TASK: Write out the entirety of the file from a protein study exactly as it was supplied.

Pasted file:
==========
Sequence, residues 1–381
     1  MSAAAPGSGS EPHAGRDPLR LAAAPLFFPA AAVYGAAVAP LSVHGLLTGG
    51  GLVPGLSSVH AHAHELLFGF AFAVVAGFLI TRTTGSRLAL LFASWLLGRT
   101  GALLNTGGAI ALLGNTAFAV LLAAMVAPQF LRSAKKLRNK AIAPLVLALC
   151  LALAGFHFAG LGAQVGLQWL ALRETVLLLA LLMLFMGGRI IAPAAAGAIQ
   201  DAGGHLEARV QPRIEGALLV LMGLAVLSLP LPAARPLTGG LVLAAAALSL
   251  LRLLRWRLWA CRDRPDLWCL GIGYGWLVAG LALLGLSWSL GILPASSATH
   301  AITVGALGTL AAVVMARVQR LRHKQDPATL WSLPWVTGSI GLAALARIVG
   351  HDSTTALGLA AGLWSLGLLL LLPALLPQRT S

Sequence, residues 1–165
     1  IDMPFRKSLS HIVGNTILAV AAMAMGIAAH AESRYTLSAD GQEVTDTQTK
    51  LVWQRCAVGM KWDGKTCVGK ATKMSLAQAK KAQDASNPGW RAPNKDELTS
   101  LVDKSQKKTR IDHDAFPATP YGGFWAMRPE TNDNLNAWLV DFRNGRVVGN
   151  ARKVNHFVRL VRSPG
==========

Sequence, residues 1–381
     1  MSAAAPGSGS EPHAGRDPLR LAAAPLFFPA AAVYGAAVAP LSVHGLLTGG
    51  GLVPGLSSVH AHAHELLFGF AFAVVAGFLI TRTTGSRLAL LFASWLLGRT
   101  GALLNTGGAI ALLGNTAFAV LLAAMVAPQF LRSAKKLRNK AIAPLVLALC
   151  LALAGFHFAG LGAQVGLQWL ALRETVLLLA LLMLFMGGRI IAPAAAGAIQ
   201  DAGGHLEARV QPRIEGALLV LMGLAVLSLP LPAARPLTGG LVLAAAALSL
   251  LRLLRWRLWA CRDRPDLWCL GIGYGWLVAG LALLGLSWSL GILPASSATH
   301  AITVGALGTL AAVVMARVQR LRHKQDPATL WSLPWVTGSI GLAALARIVG
   351  HDSTTALGLA AGLWSLGLLL LLPALLPQRT S

Sequence, residues 1–165
     1  IDMPFRKSLS HIVGNTILAV AAMAMGIAAH AESRYTLSAD GQEVTDTQTK
    51  LVWQRCAVGM KWDGKTCVGK ATKMSLAQAK KAQDASNPGW RAPNKDELTS
   101  LVDKSQKKTR IDHDAFPATP YGGFWAMRPE TNDNLNAWLV DFRNGRVVGN
   151  ARKVNHFVRL VRSPG